By: Derek Jung
I'm not going to beat around the bush here. I wasn't looking forward to writing this review. After giving their new self-titled record one of our worst ratings of the year so far, I was hoping and praying that hearing the new album live would reinvigorate my love for the band, one that I saw bring down the house in Columbus, Ohio while touring on their debut Pickin' Up The Pieces. Alas, what I saw this time around was a tour fatigued band with little remaining passion. Quite frankly I've never seen a performance more worthy of the description "going through the motions" in recent memory.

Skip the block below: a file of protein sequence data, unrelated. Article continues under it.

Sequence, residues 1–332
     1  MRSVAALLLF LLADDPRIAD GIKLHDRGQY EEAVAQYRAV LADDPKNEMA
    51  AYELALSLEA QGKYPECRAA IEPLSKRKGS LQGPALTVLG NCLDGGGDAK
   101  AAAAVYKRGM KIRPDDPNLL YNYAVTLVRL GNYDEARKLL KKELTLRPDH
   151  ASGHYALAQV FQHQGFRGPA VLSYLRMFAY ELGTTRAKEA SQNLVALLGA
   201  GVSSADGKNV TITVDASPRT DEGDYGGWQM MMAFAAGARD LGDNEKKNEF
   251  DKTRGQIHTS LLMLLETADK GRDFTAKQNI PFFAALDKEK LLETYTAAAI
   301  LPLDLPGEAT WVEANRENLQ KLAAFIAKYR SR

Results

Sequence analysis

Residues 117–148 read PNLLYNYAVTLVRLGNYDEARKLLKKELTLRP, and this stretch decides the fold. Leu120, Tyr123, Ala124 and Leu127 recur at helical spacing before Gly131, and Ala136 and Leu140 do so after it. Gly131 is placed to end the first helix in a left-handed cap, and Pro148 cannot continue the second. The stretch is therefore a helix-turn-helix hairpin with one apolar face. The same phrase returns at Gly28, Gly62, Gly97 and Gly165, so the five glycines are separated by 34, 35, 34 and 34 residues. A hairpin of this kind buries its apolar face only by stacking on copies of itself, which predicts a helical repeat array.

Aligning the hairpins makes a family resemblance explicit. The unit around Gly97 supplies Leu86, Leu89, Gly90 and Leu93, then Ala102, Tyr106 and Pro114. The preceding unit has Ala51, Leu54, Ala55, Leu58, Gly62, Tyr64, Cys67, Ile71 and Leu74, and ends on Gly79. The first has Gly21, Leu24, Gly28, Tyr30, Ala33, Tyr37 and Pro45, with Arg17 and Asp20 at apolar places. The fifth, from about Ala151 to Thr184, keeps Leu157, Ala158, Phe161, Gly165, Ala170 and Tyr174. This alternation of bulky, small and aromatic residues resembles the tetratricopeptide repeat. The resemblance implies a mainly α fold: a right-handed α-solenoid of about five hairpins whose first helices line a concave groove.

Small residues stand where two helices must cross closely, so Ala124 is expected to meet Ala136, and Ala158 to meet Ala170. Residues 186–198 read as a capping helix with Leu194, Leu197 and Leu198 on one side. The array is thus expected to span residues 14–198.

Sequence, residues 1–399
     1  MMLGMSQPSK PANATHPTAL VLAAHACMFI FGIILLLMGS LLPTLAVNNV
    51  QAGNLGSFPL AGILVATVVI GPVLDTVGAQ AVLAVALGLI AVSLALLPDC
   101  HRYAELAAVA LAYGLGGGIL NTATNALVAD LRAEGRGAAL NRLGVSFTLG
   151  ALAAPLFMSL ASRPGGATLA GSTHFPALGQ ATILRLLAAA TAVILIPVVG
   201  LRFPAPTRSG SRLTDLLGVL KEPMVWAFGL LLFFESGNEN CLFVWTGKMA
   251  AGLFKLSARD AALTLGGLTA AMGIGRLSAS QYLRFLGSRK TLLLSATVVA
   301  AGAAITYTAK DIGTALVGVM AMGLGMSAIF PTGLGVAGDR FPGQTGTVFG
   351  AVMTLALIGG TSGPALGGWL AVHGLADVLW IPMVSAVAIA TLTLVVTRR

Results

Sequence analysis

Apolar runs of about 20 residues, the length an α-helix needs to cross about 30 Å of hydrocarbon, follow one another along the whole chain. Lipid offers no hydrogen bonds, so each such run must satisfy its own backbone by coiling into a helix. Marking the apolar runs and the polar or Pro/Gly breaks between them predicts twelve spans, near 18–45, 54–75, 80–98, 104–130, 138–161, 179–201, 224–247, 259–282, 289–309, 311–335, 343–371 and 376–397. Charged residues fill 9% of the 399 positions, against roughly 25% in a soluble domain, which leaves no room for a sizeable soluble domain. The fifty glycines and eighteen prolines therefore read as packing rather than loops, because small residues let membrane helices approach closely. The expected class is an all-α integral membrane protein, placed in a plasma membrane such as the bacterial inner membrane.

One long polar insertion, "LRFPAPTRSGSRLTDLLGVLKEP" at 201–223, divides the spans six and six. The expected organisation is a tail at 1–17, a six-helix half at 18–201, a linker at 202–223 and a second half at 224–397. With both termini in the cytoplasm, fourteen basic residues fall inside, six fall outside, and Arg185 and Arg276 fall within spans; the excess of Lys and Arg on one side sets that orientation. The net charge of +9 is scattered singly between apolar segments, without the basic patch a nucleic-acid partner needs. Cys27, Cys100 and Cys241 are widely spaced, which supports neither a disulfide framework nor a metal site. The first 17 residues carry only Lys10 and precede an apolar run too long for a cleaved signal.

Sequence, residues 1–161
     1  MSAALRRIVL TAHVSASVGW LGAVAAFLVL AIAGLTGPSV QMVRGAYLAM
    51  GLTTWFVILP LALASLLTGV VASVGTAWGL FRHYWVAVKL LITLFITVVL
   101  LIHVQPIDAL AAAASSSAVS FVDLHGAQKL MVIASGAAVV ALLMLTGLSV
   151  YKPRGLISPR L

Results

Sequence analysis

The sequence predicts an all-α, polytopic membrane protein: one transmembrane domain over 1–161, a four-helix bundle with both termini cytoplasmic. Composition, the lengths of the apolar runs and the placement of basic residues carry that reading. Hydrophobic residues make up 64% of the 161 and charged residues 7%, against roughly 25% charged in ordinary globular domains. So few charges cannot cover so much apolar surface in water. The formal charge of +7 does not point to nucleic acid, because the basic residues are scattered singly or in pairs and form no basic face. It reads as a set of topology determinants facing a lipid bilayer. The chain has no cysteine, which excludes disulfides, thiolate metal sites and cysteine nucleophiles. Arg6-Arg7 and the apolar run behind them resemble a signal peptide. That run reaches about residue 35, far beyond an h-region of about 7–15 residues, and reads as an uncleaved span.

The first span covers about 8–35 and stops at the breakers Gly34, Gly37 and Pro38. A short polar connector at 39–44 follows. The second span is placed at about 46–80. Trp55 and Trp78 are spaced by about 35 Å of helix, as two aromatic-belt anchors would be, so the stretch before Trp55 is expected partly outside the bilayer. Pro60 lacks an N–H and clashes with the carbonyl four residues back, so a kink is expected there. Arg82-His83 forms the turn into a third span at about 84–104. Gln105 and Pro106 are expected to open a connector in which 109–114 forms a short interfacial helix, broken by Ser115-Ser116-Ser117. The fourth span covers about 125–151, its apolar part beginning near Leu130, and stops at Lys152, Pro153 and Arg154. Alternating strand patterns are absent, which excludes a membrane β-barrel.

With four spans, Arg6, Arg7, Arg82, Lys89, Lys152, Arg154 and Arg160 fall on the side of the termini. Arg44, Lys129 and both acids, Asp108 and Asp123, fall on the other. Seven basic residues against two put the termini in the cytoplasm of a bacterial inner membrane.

Michael Fitzpatrick aka "Fitz" was the worst culprit of them all. His fist pumps were the least enthusiastic that I've ever seen, almost laughable in that it made their already corny choreography look even cornier. He even became grumpy and visibly detached when the crowd magically didn't automatically eat out of the palm of his hands. In fact, by the looks of it, hardly anyone in the crowd participated in the hand clapping, dancing, twirling, etc. that the band urged them to do. So we have a chicken or egg scenario here. Was the band less enthusiastic because the crowd was boring or was the crowd boring because the band wasn't enthusiastic? Having been there, I'd go with the latter. Even saxophonist James King's fantastic performance could not bring the comatose crowd back to life. Shout out to him for the obligatory "WKRP in Cincinnati" theme cover during his solo. Only people over 40 or those that have heard the cover before got the reference. There weren't many of us there. Noelle was a charmer as always despite her noticeable vocal issues. Her voice went out a few times when talking to the crowd in between songs. Props to her for being a trooper. I appreciated it.